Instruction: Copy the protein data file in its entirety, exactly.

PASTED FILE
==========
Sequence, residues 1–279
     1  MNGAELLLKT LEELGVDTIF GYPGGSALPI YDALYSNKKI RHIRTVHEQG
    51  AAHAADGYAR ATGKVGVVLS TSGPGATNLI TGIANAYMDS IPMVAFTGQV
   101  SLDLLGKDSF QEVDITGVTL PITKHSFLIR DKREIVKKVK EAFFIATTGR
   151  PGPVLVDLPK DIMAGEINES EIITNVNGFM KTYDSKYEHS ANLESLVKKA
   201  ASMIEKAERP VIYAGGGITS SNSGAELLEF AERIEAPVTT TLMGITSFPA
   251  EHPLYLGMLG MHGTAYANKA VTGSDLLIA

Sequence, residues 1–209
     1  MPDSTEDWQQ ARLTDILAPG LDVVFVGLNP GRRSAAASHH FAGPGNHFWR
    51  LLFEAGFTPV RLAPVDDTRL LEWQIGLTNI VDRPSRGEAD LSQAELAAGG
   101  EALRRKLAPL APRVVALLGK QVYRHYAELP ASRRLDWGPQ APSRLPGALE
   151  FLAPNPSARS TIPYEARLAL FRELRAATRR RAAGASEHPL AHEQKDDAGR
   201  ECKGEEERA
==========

Sequence, residues 1–279
     1  MNGAELLLKT LEELGVDTIF GYPGGSALPI YDALYSNKKI RHIRTVHEQG
    51  AAHAADGYAR ATGKVGVVLS TSGPGATNLI TGIANAYMDS IPMVAFTGQV
   101  SLDLLGKDSF QEVDITGVTL PITKHSFLIR DKREIVKKVK EAFFIATTGR
   151  PGPVLVDLPK DIMAGEINES EIITNVNGFM KTYDSKYEHS ANLESLVKKA
   201  ASMIEKAERP VIYAGGGITS SNSGAELLEF AERIEAPVTT TLMGITSFPA
   251  EHPLYLGMLG MHGTAYANKA VTGSDLLIA

Sequence, residues 1–209
     1  MPDSTEDWQQ ARLTDILAPG LDVVFVGLNP GRRSAAASHH FAGPGNHFWR
    51  LLFEAGFTPV RLAPVDDTRL LEWQIGLTNI VDRPSRGEAD LSQAELAAGG
   101  EALRRKLAPL APRVVALLGK QVYRHYAELP ASRRLDWGPQ APSRLPGALE
   151  FLAPNPSARS TIPYEARLAL FRELRAATRR RAAGASEHPL AHEQKDDAGR
   201  ECKGEEERA